The digital display 32 provides information about one or more settings of the electronic musical instrument. For example, in some embodiments, the digital display 32 is controlled by the controller 30 to display the current musical key of the touch sensors 34. As another example, in some embodiments, the digital display 32 is controlled by the controller 30 to display the current volume of the electronic musical instrument 12. While two seven segment displays are shown, the digital display 32 can alternatively include any number and type of digital display (e.g., liquid crystal display, light emitting diode display, front lit display, back lit display, etc.).

The microphone 40 is provided on embodiments of the electronic musical instrument 12 that includes wind as an input (e.g., clarinet, trumpet, saxophone, etc.). The microphone 40 receives breath inputs from the user and provides electronic signals to the breath circuit 42. The breath circuit 42 calculates the intensity of the breath input from the user based on the amplitude of the signal from the microphone 40. That is, a low amplitude signal from the microphone 40 indicates that the user is blowing softly into the electronic musical instrument 12, while a high amplitude signal from the microphone 40 indicates that the user is blowing strongly into the electronic musical instrument 12. The controller 30 receives the amplitude signal from the breath circuit 42 and controls the output volume of the electronic musical instrument 12 based on the amplitude. In alternative embodiments, the controller 30 processes the signals from the microphone 40 to determine the volume of the MIDI notes.

The controller 30 controls operation of the electronic musical instrument 12. In some embodiments, the controller 30 is a part of an Arduino, Microchip PIC, Basic Stamp, or Cypress PSoC Pioneer, although other suitable controllers can alternatively be used. When the electronic musical instrument 12 is activated, the controller 30 initiates by calibrating the touch sensors 34 and proximity sensors 36. The controller 30 then determines whether the proximity sensors 36 are within range limits when the user moves his or her hand over the proximity sensors 36. For example, if the proximity sensors 36 are photoresistors, the controller 30 determines whether there is sufficient ambient light to detect variations in light as the user moves his or her hand various distances from the sensors 36. If not, the controller 30 continually checks the sensors 36 until the detected movement over the sensors is within range limits. When within range limits, the controller 30 sets minimum and maximum values for the parameter detected by the proximity sensors 36. For example, the controller 30 can set the minimum value for a photoresistor proximity sensor 36 when the sensor is covered and a maximum value for the photoresistor proximity sensor 36 when the photoresistor is completely uncovered. The controller 30 can then set the value ranges between the minimum and maximum value that correspond to various musical keys. For example, for a photoresistor, different ranges of luminous flux detected by the photoresistor (and thus, different resistances detected by the controller 30) can each correspond to a different musical key. The controller 30 can then cause the electronic musical instrument 12 to indicate that it is ready for use (e.g., indicator on the digital display 32).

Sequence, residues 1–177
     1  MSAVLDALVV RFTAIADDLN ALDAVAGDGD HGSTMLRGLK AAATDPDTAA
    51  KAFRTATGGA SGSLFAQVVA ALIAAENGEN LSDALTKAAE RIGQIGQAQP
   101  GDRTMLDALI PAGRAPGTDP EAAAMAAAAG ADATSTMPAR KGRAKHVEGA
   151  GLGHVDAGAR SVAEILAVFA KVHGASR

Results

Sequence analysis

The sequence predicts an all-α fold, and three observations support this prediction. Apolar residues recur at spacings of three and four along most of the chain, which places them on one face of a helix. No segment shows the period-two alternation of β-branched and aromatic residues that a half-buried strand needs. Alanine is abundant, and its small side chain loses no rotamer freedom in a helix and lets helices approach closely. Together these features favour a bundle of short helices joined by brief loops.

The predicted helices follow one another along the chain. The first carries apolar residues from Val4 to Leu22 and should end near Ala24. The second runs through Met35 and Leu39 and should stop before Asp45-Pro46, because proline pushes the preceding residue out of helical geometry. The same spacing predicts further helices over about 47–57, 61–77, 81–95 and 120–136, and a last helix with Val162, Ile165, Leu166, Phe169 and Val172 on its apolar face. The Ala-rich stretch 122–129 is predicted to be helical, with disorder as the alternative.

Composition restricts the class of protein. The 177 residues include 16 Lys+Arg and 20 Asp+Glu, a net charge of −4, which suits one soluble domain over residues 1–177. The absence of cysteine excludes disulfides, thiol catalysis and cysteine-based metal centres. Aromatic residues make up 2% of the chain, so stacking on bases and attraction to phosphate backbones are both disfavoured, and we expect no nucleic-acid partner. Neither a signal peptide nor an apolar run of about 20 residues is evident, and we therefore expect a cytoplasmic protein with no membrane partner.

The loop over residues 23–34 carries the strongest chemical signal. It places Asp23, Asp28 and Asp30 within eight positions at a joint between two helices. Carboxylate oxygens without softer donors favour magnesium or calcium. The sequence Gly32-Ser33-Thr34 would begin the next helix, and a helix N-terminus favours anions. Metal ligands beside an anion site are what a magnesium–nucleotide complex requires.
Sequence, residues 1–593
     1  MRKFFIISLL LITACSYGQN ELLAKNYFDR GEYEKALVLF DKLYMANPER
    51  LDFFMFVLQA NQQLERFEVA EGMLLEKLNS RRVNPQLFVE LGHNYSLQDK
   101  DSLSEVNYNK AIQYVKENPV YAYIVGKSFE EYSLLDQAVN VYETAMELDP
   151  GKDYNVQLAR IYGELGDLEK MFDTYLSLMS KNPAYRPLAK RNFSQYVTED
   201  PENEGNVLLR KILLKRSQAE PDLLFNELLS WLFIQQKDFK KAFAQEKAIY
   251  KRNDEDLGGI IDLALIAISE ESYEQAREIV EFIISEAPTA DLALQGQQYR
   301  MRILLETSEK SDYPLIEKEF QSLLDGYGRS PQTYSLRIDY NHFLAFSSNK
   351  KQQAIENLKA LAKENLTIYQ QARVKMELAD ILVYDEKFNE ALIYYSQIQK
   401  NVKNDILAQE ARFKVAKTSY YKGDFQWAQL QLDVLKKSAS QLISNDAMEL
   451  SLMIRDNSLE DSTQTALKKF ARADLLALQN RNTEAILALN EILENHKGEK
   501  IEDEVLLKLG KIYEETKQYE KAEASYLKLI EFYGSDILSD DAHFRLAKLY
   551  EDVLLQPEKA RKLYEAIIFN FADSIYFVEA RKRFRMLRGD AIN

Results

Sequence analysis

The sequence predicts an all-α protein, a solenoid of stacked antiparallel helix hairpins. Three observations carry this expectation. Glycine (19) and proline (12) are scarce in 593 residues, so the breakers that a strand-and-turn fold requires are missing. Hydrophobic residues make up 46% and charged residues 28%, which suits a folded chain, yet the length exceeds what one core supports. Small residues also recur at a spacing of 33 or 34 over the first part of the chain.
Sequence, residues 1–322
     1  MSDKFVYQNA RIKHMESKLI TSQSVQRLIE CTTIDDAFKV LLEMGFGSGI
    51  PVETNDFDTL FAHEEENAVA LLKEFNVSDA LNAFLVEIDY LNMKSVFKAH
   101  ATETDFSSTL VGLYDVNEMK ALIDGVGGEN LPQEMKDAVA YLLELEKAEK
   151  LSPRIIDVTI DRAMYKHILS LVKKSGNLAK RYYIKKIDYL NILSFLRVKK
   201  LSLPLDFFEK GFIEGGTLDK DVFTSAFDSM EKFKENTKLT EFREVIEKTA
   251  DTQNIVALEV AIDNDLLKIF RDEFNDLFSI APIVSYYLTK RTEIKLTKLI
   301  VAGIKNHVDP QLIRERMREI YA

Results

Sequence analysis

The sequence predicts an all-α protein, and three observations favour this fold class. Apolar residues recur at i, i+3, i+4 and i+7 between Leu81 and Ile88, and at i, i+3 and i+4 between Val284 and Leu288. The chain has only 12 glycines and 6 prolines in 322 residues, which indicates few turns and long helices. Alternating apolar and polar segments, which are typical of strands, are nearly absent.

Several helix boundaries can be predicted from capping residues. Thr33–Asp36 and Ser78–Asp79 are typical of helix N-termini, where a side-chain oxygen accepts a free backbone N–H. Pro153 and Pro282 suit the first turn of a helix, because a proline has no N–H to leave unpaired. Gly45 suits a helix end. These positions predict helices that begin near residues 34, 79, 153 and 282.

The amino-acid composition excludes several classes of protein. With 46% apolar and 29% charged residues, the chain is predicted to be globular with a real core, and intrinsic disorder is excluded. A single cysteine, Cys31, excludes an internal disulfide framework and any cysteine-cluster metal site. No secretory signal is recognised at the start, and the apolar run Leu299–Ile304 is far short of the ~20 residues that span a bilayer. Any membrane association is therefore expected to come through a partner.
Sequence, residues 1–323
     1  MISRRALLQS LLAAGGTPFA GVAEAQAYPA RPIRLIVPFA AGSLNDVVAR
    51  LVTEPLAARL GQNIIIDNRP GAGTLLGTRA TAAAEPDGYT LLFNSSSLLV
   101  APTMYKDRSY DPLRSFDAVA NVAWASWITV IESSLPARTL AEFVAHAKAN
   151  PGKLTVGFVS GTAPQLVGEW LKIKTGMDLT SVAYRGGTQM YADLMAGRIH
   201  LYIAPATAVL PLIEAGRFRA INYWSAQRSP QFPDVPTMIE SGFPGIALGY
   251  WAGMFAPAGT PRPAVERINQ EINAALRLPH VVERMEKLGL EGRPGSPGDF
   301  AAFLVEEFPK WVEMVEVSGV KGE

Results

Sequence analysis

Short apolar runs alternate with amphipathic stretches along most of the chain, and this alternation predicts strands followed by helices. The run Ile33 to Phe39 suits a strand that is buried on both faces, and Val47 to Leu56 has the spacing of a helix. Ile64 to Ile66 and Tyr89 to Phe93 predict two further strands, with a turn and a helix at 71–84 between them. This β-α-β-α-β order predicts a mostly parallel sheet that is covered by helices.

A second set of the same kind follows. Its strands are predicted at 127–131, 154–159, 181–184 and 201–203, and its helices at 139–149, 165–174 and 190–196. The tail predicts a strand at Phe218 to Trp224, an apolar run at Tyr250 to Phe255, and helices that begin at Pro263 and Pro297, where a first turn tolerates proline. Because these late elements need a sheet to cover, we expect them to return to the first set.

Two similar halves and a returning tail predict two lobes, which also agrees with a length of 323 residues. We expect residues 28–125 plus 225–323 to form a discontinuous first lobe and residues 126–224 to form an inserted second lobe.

The controller 30 then determines whether the user has made any adjustments to the settings of the electronic musical instrument 12 with the adjustment elements 38. After processing any adjustments, the controller 30 checks the proximity sensors 36 to determine whether the user has changed the musical key of the electronic musical instrument 12 by placing his or her hand in proximity to the sensors 36. When the controller 30 has changed the musical key per the user's position with respect to the sensors 36, the controller 30 then detects whether the user is touching any of the touch sensors 34. If the touch sensors 34 are not being touched, the controller 30 returns to determining whether the user has made any adjustments to the settings of the electronic musical instrument. If any of the touch sensors are being touched, the controller 30 generates an output signal to the MIDI 14 and synthesizer 16 that corresponds to the musical note associated with the touch sensor(s) 34 touched by the user. The controller 30 can alternatively be configured to monitor the adjustment elements 38, touch sensors 34, and proximity sensors 36 simultaneously for user interaction.

The electronic musical instrument 12 includes one or more output ports connected to the controller 30 for connection to other devices or systems. For example, in some embodiments, the electronic musical instrument 12 includes one or more universal serial bus (USB) ports. The electronic musical instrument 12 can interface with the device hub 24 by connecting a cable between one of the output ports and an input port 44 on the device hub 24. In the embodiment shown, the device hub 24 is connected to the computer 26. The computer 26 can include software that provides a digital audio workstation (DAW) to allow recording, editing, and playback of music created with the electronic musical instrument 12.

The electronic musical instrument 12 can also be connected to the MIDI 14 via an output port on the electronic musical instrument 12. In some embodiments, the electronic musical instrument 12 includes a MIDI port or USB port that is connectable to the MIDI 14 via an appropriate cable. The MIDI 14 carries event messages that specify, for example, notation, pitch and velocity, and control signals for parameters such as volume and vibrato. The messages are provided to the synthesizer 16, which controls sound generation from the MIDI messages. For example, the MIDI 14 can generate a Standard MIDI File that is interpretable by the synthesizer 16.

The synthesizer 16 is employed to generate sounds that imitate the conventional instrument that the electronic musical instrument 12 represents. The synthesizer 16 can employ a variety of waveform synthesis techniques to generate the desired signal, including, but not limited to, the most popular waveform synthesis techniques are subtractive synthesis, additive synthesis, wavetable synthesis, frequency modulation synthesis, phase distortion synthesis, physical modeling synthesis and sample-based synthesis. The settings of the synthesizer 16, such as audio effects and characteristics (e.g., attack, decay, sustain, release, etc.), can be controlled with the synthesizer control panel 18.